I think one of the best things about being poor is learning how cruel life is at an early age… especially if you live within driving distance of a more affluent society. That way, you get the full effect of what it’s like to see someone else eat things that you only thought were possible for famous TV characters or super rich people.
I never grew up in the service industry, but I did see my grandmother working the back kitchen. She’d cook all the time there and then at home, as well. I remember sitting in the kitchen and just watching her and my mom cook and being amazed at the chemistry involved with putting in “just the right amount of ingredients” to make something taste fantastic that came out of a can.
However, I can imagine that the service industry is full of self-entitled customers: those that think they are there for servants that should treat them a specific way, hand and foot. I saw a documentary once where a teacher gave all the students on one end unlimited funds, and the students on the other had to fight and work their way to pay even the simplest bills. At the end, they found that the students with all the money were rude, succinct, and demanding. The other students were very docile and responded with kindness towards each other, especially if they were in the same monetary range. When switched, both sets started the exhibit all the characteristics of the other one… often feeling regret when they’re coming from the “rich side” to the “poor one”.
But in the real world, do we have the opportunity to switch? Given the circumstances and 80s movies where the rich are humorously switched with their poorer counterparts, do they even really learn a lesson or are they just relieved to not feel sad for 24 hours a day? I ask myself these questions because I am not sheltered. Neither my mom, dad, and family – nor did my environment – have kept me from learning the lessons that are present when only one side of society is allowed to show me anything about life.
No one really thought that poor people, where I lived at the time, were victims of circumstance brought on by institutional nuances to create “poor people”. They thought they were all due to their self-doing. Even more, they thought that poor people only wanted to be ignorant, dull, and uninformed. That their only interest was to learn a skill that was a trade, and then move on to buying that big screen TV and having beer nights and producing more offspring to start over the process, again.
However, this is a lie perpetuated by the sheltered: the ones that won’t come out of their two-story dwellings to see anything else but what was carefully put in front of them. And then told lies upon lies while still remaining in their households and fake realities.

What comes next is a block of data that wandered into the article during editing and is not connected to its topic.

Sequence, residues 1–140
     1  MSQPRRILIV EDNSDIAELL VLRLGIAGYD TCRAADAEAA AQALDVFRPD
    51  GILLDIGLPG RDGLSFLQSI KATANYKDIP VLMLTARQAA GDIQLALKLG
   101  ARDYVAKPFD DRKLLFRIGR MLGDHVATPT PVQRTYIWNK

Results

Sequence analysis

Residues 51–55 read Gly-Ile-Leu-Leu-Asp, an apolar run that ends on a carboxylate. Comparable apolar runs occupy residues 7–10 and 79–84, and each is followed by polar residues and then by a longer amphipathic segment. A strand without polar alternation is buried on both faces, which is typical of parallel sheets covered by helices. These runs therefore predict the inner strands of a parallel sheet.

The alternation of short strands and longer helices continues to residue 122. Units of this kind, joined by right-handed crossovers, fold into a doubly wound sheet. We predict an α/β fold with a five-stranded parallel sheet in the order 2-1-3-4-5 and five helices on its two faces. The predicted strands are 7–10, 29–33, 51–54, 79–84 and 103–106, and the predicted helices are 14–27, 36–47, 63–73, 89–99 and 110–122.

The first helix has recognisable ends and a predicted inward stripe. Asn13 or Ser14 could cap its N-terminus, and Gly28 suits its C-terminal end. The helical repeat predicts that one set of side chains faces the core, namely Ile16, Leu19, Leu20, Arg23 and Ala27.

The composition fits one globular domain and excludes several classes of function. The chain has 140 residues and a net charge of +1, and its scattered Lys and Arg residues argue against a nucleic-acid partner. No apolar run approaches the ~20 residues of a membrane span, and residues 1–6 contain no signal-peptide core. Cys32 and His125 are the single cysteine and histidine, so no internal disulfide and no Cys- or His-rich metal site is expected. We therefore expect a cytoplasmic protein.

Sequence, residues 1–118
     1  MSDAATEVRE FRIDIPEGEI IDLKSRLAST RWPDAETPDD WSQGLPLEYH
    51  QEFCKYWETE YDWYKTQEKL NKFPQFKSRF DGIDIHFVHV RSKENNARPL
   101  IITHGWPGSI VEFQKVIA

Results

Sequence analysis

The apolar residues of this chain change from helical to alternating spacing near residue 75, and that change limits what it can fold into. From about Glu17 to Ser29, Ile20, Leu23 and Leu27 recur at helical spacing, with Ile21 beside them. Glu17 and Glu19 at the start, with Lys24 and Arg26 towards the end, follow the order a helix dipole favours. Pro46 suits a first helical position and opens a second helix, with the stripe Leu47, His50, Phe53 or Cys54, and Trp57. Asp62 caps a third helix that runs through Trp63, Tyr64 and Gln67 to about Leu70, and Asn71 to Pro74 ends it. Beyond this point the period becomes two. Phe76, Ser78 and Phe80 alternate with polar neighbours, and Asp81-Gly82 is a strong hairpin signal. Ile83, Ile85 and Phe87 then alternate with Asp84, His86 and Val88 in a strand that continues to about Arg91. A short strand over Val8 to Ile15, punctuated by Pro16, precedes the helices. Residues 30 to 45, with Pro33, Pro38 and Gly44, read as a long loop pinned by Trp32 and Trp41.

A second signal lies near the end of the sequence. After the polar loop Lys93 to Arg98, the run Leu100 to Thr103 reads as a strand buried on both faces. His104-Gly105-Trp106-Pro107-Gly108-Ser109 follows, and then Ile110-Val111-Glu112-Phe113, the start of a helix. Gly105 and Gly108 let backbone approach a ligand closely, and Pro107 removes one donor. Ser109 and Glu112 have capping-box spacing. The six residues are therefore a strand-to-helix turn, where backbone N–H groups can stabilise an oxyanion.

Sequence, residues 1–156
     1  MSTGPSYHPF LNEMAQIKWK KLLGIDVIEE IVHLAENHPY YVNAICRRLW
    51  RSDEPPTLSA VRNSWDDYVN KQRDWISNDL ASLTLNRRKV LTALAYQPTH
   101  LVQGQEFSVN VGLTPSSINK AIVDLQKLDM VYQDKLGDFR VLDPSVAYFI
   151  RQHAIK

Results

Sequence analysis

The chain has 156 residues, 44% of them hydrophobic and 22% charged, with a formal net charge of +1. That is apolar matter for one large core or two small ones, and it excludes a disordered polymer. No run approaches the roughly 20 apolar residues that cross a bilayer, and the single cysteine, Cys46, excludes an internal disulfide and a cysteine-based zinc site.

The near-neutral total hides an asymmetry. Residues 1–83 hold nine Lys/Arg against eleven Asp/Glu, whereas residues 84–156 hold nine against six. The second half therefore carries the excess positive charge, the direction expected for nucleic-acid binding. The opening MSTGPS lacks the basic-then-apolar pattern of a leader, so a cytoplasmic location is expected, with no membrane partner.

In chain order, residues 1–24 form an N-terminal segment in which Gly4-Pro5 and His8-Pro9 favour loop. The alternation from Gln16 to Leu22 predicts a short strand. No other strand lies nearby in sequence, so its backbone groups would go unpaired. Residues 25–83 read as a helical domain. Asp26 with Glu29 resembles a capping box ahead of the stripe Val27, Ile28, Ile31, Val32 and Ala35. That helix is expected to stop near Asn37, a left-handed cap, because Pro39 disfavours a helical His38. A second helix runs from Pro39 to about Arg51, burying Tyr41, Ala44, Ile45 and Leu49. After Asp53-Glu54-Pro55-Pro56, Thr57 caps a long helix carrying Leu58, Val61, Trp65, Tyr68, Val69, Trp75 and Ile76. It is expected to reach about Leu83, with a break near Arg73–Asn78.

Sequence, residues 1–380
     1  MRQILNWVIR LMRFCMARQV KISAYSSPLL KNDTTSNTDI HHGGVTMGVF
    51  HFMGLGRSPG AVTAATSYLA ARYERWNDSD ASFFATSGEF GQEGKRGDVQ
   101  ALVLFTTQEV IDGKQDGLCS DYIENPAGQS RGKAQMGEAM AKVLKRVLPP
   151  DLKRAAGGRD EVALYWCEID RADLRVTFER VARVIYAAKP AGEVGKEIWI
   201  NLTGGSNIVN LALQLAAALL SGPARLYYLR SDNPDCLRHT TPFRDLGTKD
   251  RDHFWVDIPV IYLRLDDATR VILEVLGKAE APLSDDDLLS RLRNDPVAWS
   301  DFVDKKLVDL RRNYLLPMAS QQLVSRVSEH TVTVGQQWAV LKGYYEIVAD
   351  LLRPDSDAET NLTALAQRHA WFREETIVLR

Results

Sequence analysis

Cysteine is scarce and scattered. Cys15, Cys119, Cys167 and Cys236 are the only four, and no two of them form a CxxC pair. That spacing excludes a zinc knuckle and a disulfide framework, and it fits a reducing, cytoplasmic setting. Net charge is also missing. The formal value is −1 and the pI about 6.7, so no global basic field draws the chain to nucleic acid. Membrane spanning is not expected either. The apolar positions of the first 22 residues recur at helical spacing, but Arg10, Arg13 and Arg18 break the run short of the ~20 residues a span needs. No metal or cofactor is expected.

Sounds conspiracy theorist, doesn’t it? Sounds laden with jargon about how the “man’s trying to keep us down”? Well, it’s that and it’s not.
Sure, there was an institution setup to create this kind of havoc. That is absolutely true. However, what isn’t true is how pervasive it might be. For instance, yes… there are schools that will only accept people based off their race or, moreso, socioeconomic status (a nicer cover). However, there are places where this actually doesn’t exist and since people of a lower income status are so used to being segregated against, they usually go about with just complaining that they’d never actually “go anywhere” within that system nor even come close to being accepted without a great deal of angst and resentment while they’re trying to get the help, encouragement, and knowledge that they need.
I’m more of the latter half. I’ve used “institutionalized segregation” as an excuse more than once and on more than one occasion. It doesn’t help to be surrounded by people who think, act, and believe the same. I’ve tried taking myself off that race and onto the other side, only to discover that just as much as those other people I left believed in the institutionality of it all, the other side was so deftly blind against it.
So, if it isn’t one side, it’s the complete opposite.
What is one to do in this matter? Do you just sit in the middle, carefully avoiding both sides without making them angry at you? Or do you expose the truth to both and flash it in front of their faces without even a care?
I’ve seen people do the latter and all it got them was people hating them. Yes, they saw the truth, but the EXECUTION OF THE TRUTH is what mattered. No one wants to be told that their butt looks fat in jeans… but they do want to be told that those jeans aren’t flattering and to have help with finding another pair that are.
What’s in it for most people who are not in either side, but somewhere in the middle? Peace. Sure, resounding, pleasant peace.
I know there are stories about the angels or entities that lie in the middle when there is a conflict going on, and that those who are non-action are as guilty as those that take undesirable action. But the key to fighting is: Know WHEN to fight. Sometimes sitting on the sidelines and watching what’s going on is the best strategy that money cannot buy.
I’ve waited on the sidelines. I’ve watched as battle after battle has been fought and won… or loss. I’ve seen people cry, yell, scream, rejoice, dance, and antagonize over every little detail. But the best thing I’ve ever seen or done for myself is to wait. Wait it out, see what happens, and calculate my next move.
Reality is about skill and structure. Carefully analyzing your steps are most important. That’s where the harshness comes from.